The OAH Magazine of History

Masthead Moh Nameplate Long

Lincoln and the Constitution

from the editor

Teaching Lincoln and the Constitution, by Phillip M. Guerty

This issue of the OAH Magazine of History, cosponsored by the Abraham Lincoln Bicentennial Commission (ALBC), is the first of three special issues over the next three years dedicated to Abraham Lincoln. The current issue, under the editorship of Rhode Island Supreme Court Chief Justice Frank Williams, examines Lincoln and the Constitution. In January 2008, Darrel Bigham will serve as guest editor for an issue on Lincoln and race. The following January, Harold Holzer will bring together a group of Lincoln scholars to look at the Lincoln legacy. I want to thank the commission for its help in putting together what will undoubtedly be an exciting series of Lincoln issues. Read more >


Lincoln and the Constitution,
by Frank J. Williams
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“Dictator Lincoln”: Surveying Lincoln and the Constitution,
by Phillip Shaw Paludan
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“Much Older than the Constitution”: Lincoln's Theory of Nationhood,
by Daniel A. Farber
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Lincoln and the Constitutional Dilemma of Emancipation,
by Edna Greene Medford
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“A Popular Demand and a Public Necessity”: Lincoln and Civil Liberties,
by Frank J. Williams
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teaching resources

Lincoln’s Refutation of Secession,
by Veronica Burchard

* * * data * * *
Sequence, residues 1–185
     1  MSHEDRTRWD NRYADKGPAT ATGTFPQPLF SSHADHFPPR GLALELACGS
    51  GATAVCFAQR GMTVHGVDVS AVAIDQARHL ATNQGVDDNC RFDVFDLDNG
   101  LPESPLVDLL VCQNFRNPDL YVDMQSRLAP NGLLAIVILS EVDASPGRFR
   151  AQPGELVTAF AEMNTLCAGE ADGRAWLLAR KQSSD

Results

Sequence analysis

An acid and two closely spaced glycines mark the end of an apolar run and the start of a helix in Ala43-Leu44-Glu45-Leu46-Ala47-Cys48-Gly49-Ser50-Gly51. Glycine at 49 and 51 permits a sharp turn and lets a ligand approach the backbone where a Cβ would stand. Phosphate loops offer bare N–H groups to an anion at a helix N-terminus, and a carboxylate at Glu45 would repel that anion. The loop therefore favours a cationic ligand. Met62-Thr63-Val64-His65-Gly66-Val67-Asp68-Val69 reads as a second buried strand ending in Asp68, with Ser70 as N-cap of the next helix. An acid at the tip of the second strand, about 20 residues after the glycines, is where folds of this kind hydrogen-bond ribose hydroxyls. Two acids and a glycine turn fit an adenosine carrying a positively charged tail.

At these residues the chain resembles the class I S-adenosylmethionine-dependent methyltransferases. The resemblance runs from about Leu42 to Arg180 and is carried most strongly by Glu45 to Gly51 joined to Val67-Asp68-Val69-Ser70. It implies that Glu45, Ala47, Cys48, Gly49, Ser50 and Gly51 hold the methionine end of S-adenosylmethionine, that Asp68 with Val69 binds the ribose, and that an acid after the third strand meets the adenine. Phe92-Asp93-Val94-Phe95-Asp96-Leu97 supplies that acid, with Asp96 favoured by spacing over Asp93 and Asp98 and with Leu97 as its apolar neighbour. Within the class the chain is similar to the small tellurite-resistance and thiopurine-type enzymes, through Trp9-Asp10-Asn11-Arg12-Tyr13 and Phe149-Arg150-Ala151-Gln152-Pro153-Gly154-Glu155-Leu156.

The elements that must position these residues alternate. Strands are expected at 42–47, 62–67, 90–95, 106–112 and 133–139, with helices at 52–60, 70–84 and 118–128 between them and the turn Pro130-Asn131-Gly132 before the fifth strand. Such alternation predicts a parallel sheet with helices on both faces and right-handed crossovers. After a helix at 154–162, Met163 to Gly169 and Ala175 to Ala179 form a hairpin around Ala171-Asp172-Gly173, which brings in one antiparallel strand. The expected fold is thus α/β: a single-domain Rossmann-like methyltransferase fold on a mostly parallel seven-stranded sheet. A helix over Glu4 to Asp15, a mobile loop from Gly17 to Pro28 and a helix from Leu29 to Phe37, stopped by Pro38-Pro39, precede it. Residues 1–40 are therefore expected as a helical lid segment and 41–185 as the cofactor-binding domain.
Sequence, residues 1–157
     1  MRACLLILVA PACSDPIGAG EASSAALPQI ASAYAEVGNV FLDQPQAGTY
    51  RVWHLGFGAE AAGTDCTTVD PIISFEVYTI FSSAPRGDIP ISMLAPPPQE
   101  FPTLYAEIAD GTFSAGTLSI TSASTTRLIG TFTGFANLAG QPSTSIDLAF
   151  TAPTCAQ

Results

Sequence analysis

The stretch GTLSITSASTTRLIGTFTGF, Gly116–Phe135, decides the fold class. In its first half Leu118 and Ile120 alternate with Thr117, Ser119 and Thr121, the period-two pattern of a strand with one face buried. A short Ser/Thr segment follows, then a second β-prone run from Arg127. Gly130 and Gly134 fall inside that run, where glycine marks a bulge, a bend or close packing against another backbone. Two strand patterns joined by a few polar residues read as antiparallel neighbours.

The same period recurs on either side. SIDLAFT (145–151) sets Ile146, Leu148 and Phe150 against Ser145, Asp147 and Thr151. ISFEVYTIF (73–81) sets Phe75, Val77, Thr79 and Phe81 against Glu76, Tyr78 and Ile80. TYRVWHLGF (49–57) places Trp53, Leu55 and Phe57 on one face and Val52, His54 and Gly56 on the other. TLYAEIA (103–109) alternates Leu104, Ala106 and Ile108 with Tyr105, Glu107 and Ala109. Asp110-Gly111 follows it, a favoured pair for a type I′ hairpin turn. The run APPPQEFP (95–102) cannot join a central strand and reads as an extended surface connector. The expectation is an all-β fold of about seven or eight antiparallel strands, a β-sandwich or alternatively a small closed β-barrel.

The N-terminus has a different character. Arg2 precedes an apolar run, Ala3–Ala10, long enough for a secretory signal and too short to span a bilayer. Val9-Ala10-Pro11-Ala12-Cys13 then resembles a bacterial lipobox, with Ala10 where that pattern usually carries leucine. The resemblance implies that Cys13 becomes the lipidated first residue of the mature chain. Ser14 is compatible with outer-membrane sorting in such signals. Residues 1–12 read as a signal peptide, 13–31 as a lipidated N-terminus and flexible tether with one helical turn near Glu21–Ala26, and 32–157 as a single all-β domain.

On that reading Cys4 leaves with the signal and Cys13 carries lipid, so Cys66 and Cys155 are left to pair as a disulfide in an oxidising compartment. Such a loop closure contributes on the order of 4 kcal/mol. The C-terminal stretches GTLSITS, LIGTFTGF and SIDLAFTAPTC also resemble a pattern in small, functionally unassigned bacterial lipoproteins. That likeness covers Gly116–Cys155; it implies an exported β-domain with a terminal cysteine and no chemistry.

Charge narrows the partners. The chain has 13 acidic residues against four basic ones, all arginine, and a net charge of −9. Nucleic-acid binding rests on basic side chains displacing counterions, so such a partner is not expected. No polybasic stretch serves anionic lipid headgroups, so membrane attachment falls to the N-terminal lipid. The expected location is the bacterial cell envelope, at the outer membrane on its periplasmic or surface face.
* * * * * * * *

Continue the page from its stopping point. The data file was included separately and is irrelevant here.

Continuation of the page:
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Lincoln, Emancipation, and the Constitution,
by Jennifer L. Rosenfeld
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museum spotlight

Teaching Lincoln at the Abraham Lincoln Presidential Library and Museum,
by Erin I. Bishop
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Teaching Lincoln at The Lincoln Museum in Ft. Wayne, Indiana,
by Sara Gabbard
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teaching american history with documents from the gilder lehrman collection

Lincoln and Emancipation: Black Enfranchisement in 1863 Louisiana,
by Richard Carwardine
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Lincoln and the Thirteenth Amendment,
by George P. Fletcher
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america on the world stage

The Civil Rights Movement in World Perspective,
by Kevin Gaines
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on the cover

James Montgomery Flagg, title unknown, Undated. Oil painting, 47 3/4 x 26 1/4 inches. The artist and illustrator is best known for his World War I and II Uncle Sam recruiting posters. Depicting the president’s intensity of emotion and brooding personality, the painting has been described as Lincoln waiting for news from the battlefront. From the Frank and Virginia Williams Collection of Lincolniana. Photo by Virginia Williams.